North Georgia — not south Georgia — made its mark then with six artists, including three from Marietta. Kentucky also shoned with six singers inside the Top 100, including Patty Loveless, John Michael Montgomery and Billy Ray Cyrus.
It’s not unusual for a geographic area to dominate a genre. It happened with rock (the London Invasion, Seattle’s grunge movement) and hip-hop (Atlanta, both coasts). But three things are interesting to point out from these maps.
First, if you’ve ever said everything on the radio sounds the same, you may have found a valid explanation. Any perceived homogeneity can be fairly attributed to a shared geographical influence. This isn’t meant to slam southern Georgia artists, many of whom share similar fanbases. You just can’t argue with success.
The second observation is that YouTube, social media platforms and more accessible transportation are indeed making our country music world smaller. It’s supposed to be easier for someone living in Bliss, Idaho to get noticed for his or her voice and command of a brilliant song, and that seems to be happening — although country fans are more reluctant to allow this than pop and rock. Reality television is also a factor in country music’s glacial expansion.
The final takeaway is more of a question. What happened to shift the balance of power away from Oklahoma and Texas? In 2013, new songs from Oklahomans like Reba McEntire and Vince Gill bounce off radio programmers’ desks like they’re made of rubber. Others have given up or retired, meaning their crew (songwriters, producers, musicians) also have become less influential. Texans like Mark Chesnutt and Clay Walker (both from Beaumont) also struggle, and frankly, so has George Strait. Two of his last three singles have been the worst-charting songs of his career.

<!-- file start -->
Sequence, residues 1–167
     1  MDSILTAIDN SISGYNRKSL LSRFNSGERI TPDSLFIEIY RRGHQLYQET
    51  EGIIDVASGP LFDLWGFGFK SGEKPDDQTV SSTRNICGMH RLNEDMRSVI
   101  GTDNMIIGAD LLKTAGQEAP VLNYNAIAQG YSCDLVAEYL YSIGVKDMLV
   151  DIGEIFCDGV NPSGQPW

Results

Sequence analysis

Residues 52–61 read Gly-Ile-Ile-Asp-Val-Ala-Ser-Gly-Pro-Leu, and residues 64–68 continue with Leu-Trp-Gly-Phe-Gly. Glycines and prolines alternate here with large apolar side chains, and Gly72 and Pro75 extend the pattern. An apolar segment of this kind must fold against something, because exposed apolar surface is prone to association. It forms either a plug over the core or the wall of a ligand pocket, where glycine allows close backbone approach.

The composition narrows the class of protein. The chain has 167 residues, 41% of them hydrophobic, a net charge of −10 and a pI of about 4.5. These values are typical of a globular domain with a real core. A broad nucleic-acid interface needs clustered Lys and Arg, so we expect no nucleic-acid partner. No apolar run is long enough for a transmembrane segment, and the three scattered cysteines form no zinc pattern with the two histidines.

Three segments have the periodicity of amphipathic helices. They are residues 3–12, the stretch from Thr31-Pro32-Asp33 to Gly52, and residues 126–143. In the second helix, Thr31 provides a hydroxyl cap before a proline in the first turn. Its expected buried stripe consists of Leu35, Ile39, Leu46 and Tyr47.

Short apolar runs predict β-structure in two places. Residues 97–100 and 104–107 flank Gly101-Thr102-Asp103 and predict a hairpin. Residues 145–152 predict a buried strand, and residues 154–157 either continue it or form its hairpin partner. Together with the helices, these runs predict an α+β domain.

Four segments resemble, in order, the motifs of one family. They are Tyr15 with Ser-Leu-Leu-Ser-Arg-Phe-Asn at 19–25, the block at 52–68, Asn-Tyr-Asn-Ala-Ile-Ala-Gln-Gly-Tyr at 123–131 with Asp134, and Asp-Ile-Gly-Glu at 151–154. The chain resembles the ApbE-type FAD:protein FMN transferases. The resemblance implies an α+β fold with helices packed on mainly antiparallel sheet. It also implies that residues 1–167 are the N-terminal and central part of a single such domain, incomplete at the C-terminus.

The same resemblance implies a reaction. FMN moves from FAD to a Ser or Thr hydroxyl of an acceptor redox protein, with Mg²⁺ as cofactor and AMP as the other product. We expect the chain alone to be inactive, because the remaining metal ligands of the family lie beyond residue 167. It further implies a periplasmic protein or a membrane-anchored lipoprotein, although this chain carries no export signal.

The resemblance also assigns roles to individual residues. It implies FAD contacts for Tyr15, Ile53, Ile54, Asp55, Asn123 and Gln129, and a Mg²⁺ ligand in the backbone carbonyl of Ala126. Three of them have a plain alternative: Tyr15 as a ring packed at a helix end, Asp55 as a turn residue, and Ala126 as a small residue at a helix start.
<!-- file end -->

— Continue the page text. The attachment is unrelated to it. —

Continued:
Did they simply age out? That seems simplistic and unfair. And besides, why wasn’t there a new generation of Okies ready and willing to replace them? If you add Carrie Underwood and Toby Keith to the above map, that only makes three and a half (Keifer Thompson of Thompson Square is from Miami, Okla.) from the once dominate state.
This makes Garth Brooks‘ pending comeback a fascinating case study. In 2007, he returned briefly with three radio singles. The first was ‘More Than a Memory,’ and there was immense pressure on radio to play it frequently, as in every hour on the hour, if possible. It’s a great song, and it’s Garth, so the result was the only song in country music history to debut at No. 1. But what followed were two more pedestrian efforts in ‘Workin’ for a Livin” and ‘Midnight Sun.’
The center of power has shifted since Brooks was large and in charge in 2000. Some may say he’ll sell five million albums and two million concert tickets just because he is Garth Brooks, and that may very well be the case. But if radio success is something he’s after, he may want to taste the water in south Georgia. Careful, it’s boiling hot.